The Point of View of Victor Frankenstein
The Modern Prometheus
Where it All Started
My name is Victor Frankenstein and I am 30 years old. “I am by birth a Genevese; and my family is one of the most distinguished of that republic.” (pp. 18) Until recently, I have been trying to find my dear creation.
I attended Ingolstadt to study the sciences, especially chemistry. There, I was a star pupil, among the best and the brightest. I was also very interested in the idea of life, which I had been for a while at that point. Before attending Ingolstadt, I studied natural philosophy and the possibility of eternal life for a long time. After I became even more interested in the start of life, I studied physiology, anatomy as well as decay and death, to figure out what happens once life has left a body. Life is such a marvelous, wonderful and amazing thing, so it is no wonder why one would study it so in depth.
However, while there, I was very lonely. I often wished to return home to my family. That fact, along with the fact that I had always been fascinated by life lead me to begin work on my creation.
In the beginning, my work was devoted to knowing how life worked, and how a body was animated. Once I figured out how such an idea would be possible, I knew I would need to create a vessel for the life I had to give. Thus began the work on my dear creature’s form.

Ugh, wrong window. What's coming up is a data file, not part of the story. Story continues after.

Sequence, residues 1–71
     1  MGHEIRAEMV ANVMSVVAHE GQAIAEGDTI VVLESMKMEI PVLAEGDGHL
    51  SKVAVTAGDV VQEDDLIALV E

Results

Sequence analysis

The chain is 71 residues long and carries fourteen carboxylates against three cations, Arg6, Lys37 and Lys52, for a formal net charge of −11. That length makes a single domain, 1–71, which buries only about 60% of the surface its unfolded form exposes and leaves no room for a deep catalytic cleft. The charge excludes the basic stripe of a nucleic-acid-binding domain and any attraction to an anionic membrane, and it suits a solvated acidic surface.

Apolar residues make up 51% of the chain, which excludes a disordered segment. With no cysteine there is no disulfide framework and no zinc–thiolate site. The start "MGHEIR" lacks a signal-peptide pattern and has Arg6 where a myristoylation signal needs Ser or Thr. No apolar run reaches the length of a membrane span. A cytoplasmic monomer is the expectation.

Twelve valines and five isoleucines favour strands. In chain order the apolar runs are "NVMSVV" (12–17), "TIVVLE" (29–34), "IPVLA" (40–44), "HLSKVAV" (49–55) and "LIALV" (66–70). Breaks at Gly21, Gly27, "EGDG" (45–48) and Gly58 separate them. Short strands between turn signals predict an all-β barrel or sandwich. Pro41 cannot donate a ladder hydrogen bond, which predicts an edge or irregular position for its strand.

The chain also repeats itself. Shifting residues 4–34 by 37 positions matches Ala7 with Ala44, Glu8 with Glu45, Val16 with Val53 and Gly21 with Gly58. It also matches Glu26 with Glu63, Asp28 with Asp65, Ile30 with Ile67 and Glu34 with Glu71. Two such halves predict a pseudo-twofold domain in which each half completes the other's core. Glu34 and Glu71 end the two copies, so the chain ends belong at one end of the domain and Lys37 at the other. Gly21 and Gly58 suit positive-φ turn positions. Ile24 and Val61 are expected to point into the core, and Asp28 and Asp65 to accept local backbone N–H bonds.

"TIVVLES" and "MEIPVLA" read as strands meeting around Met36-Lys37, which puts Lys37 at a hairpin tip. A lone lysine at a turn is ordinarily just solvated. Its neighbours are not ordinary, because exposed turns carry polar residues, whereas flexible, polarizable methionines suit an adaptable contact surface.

I worked very hard to make my creation. I went through painful labour during the process, much like a mother would for her own little creations, but my creation would be no small thing, he was to change the world. My creation is a scientific and miraculous wonder. No one else has ever had the mind to create such beauty as life by oneself. No other scientific mind has reached such great capabilities. My creation was meant to be for the betterment of science, for the betterment of society and for the whole world. He was meant to inspire people, to create a new generation and a new mindset on the possibilities of humanity and to expand the horizons of the human mind. I also hoped that my new technology might be able to restore passed love ones to their former brilliance in life. I only meant to rid life of suffering with my dear creation.